On Oct 7th I received a phone call from my dad’s cell phone at 11:30 at night, an unusual call because we usually talk every morning, just as we had that morning.  Equally unusual was the shaky female voice on the other end, “…Michael, your dads in the hospital about to have emergency surgery and it doesn’t look good.”  WHAT!?  Half a sleep I was trying to understand what was going on.  I had talked to my father twice that very day and he was fine, how could it be he was having emergency surgery?  When she told me that he had an aortic aneurism I didn’t believe her because aortic aneurysms carry a high mortality rate, very high.  Few who present with symptoms make it to the ED and fewer make it out of surgery and those who make it that far usually have some type of deficit due to the lack of blood flow.

Once I made it to the hospital I found out the original information I had been given was correct.  I didn’t get a chance to see my dad before he went into surgery and I honestly wasn’t sure if I would see him again…

After a nine hour surgery, much of which was trying to control the bleeding, the repair to his aorta had been completed successfully.  The surgeon told us that the damage was one of he worst cases he had seen.  Now we had to wait, and this was just as emotionally draining as waiting for him to come out of surgery.  There was no way of knowing if he had a stroke or if there would be any other organ damage.  When he first opened his eyes and reached for my hand a huge relief swept over me.  He wasn’t out of the woods, but for the first time in two days I felt like it was going to be ok…

This story ends with a happy ending.  My dad is at home recovering now and except for a complication that landed him back in ICU for a week, he is doing great.  I had no intention of writing about this when I first started this post.  Perhaps my subconscious had something to share and hijacked my conscious thoughts.  Who knows.  What I do know is how thankful I am to have my dad around and how comforting it is to know that I will have at least one more time to call him in the morning and say, “I love you dad.”  For what now is, could have easily been no more.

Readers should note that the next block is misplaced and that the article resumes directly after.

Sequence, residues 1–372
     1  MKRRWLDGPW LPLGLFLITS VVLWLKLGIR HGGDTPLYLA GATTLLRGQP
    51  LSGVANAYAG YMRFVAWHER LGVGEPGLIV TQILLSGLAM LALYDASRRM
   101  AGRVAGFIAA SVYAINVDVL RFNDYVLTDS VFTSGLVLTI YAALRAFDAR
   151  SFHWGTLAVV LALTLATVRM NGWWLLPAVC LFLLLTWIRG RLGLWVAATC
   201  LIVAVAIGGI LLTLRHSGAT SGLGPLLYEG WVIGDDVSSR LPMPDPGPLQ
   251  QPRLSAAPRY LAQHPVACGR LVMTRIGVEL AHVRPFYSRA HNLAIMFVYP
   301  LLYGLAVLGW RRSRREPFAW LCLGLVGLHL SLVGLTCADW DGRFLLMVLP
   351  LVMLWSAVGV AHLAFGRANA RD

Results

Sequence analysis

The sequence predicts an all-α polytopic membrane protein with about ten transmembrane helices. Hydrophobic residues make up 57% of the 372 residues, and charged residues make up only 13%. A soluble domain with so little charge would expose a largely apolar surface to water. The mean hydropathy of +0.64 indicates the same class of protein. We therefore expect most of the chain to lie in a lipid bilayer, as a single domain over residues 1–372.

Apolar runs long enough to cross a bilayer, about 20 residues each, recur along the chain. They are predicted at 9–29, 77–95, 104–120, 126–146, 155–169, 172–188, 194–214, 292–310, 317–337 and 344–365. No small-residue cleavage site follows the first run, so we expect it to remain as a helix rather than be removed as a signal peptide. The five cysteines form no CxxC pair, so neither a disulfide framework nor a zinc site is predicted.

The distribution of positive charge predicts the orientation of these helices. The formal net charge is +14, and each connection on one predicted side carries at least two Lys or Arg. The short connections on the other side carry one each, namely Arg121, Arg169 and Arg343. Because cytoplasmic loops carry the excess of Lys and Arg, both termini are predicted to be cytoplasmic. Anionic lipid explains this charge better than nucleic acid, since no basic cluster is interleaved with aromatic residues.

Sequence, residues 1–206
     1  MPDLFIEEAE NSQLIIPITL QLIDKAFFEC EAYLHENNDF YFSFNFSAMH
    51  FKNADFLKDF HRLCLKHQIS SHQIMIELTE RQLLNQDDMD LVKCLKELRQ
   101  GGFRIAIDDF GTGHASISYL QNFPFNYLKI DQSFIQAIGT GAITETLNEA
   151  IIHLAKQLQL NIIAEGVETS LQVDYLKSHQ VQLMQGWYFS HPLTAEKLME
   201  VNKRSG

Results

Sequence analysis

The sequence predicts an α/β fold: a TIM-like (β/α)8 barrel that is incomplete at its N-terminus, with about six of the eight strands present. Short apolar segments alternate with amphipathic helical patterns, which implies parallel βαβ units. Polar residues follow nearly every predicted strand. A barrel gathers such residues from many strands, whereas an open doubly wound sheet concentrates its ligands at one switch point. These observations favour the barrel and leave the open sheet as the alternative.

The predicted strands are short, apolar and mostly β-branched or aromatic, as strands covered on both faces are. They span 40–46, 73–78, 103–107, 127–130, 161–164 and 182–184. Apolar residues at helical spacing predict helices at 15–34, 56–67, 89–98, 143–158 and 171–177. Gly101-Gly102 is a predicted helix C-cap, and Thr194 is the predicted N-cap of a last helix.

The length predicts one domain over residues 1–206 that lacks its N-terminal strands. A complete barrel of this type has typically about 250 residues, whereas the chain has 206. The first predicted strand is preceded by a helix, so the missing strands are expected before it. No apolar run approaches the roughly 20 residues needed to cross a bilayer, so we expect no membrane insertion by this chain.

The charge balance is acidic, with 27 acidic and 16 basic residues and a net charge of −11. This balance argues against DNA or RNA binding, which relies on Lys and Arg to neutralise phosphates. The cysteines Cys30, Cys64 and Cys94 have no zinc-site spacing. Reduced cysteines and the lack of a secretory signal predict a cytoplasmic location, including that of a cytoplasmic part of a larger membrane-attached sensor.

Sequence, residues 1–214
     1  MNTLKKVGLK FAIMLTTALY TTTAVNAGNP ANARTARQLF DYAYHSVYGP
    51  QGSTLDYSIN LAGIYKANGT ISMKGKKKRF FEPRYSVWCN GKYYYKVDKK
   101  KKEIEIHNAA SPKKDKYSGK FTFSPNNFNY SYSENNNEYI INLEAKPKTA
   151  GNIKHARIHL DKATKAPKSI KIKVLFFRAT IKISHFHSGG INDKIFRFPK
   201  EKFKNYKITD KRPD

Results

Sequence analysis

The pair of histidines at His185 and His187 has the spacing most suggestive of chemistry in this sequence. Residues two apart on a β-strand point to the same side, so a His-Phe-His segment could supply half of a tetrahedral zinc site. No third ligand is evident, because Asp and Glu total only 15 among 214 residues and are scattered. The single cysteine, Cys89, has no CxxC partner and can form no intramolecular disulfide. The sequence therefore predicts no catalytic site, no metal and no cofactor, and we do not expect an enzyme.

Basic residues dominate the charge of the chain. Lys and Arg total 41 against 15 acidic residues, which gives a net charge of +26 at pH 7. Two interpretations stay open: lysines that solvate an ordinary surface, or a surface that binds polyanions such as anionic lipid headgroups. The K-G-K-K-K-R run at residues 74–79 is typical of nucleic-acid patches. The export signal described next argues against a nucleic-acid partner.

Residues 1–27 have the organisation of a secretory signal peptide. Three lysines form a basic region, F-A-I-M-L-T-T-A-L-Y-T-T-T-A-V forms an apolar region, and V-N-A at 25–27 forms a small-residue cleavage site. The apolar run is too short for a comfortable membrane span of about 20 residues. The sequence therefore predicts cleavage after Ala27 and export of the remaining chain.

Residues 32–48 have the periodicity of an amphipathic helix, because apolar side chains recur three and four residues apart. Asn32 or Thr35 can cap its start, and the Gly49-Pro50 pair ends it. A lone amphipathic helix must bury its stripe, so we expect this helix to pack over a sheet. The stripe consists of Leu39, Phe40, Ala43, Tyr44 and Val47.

I encourage you this morning, or whenever you might be reading this, to stop what you’re doing and tell your spouse how much you love them, give them a kiss that lingers just a little longer, embrace a little tighter.  Let your kids know what they mean to you.  Call an old friend you may have not talked to in a while.

Live while there is still living to be done…



4 thoughts on “Autumn Reflections

  1. Very glad he came through this. I’ve been through similar when my mother first had a serious stroke, but survived with much lower quality of life only to be diagnosed with lung cancer a few years later. She never regained consciousness before I arrived at to the hospital. She died in our presence. I miss her.

    Here are some very thought provoking words written by a preacher some years back. They have been mistakenly attributed to the comedian George Carlin, but that is apparently not the case. They do help me to soberly consider how I spend my time and how much attention I give to friends and loved ones.

    “The paradox of our time in history is that we have taller buildings but
    shorter tempers, wider freeways, but narrower viewpoints. We spend more,
    but have less; we buy more, but enjoy less. We have bigger houses and
    smaller families, more conveniences, but less time. We have more degrees
    but less sense, more knowledge, but less judgment, more experts, yet more
    problems, more medicine, but less wellness.

    We drink too much, smoke too much, spend too recklessly, laugh too little,